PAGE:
sufficient land base to support their populations, it is a 
     continuing United States policy to assist tribes with land 
     acquisitions and land consolidation programs. During the 
     years from 1975 to 1978, Congressional legislation has 
     authorized acquisition by tribal groups of about 400,000 
     additional acres of land, assisting some 30 tribes to expand 
     their land base. 

                         EASTERN LAND CLAIMS 

          The issue of land claims brought by Indians against 
     states, municipalities and private landowners in federal 
     courts in the eastern U.S. has received national attention. 
     The claims are against states, cities and individuals, 
     rather than against the Federal Government; they are based 
     on the allegation that the Federal Government did not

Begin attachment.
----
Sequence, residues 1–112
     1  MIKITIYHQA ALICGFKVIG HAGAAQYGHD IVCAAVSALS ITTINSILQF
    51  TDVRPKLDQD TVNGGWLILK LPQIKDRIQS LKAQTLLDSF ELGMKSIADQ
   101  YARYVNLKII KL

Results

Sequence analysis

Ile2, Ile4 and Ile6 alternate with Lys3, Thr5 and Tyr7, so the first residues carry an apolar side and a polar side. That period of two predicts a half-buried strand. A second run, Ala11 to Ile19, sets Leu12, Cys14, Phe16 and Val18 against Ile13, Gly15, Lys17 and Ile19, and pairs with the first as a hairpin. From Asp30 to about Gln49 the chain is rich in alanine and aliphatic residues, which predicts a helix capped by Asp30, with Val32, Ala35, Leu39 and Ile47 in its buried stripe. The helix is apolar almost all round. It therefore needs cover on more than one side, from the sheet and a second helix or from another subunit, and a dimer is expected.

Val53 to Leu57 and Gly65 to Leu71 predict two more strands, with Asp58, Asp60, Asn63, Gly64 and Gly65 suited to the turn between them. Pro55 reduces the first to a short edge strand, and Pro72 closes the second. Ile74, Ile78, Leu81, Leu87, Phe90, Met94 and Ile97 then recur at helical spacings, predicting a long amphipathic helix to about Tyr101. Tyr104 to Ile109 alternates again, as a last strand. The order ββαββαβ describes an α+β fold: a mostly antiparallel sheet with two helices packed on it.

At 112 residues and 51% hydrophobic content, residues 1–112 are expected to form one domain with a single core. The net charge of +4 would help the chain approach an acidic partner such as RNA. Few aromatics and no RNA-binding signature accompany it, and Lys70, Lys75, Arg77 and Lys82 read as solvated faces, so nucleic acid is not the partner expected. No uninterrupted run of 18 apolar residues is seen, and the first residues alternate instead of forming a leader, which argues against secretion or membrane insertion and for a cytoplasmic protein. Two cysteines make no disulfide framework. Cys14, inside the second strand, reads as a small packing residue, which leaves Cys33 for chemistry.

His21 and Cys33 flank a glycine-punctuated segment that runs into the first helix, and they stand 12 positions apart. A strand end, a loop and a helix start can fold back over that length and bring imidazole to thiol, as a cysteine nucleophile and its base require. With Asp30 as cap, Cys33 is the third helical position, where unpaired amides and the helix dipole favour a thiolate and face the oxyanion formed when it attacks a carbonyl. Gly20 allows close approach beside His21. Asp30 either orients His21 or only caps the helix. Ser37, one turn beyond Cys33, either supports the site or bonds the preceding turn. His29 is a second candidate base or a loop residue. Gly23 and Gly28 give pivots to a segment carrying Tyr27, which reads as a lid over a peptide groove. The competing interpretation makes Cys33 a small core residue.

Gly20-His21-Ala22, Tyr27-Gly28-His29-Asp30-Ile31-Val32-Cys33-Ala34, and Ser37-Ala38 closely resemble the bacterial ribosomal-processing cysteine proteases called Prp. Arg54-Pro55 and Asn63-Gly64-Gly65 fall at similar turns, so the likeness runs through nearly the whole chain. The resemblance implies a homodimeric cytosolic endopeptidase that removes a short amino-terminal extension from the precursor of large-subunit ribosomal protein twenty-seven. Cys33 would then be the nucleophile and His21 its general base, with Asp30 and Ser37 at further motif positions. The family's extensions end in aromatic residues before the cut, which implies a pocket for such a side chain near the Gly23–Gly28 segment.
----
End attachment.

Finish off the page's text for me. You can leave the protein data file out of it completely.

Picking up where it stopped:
approve transfer of these lands by Indians to non-Indians, 
     which is required by a statute first enacted in 1790 as the 
     Indian Trade and Intercourse Act. Following the ratification 
     of a mutual consent agreement by the 95th Congress, the 
     first Indian land claims court settlement was reached 
     between the state of Rhode Island and the Narragansett 
     tribe. In May of 1979, the state returned 1,800 acres to the 
     tribe. A similar approach will facilitate the settlement of 
     the claims of some 3,000 Indians comprising the 
     Passamaquoddy and Penobscot tribes in Maine to a land in 
     that state. 

          Now that the Narragansett/Rhode Island settlement is 
     concluded (and a major step toward resolution of the Maine 
     case has been taken) other Indian land claims may be 
     examined in an atmosphere conducive to fruitful negotiation. 

                            WATER POLICY 

          Conflicts over water rights in the Southwest constitute 
     some of the most intense disputes between the states and 
     Indians. Many are the subject of ongoing litigation in both 
     state and federal court. For years, the states pursued a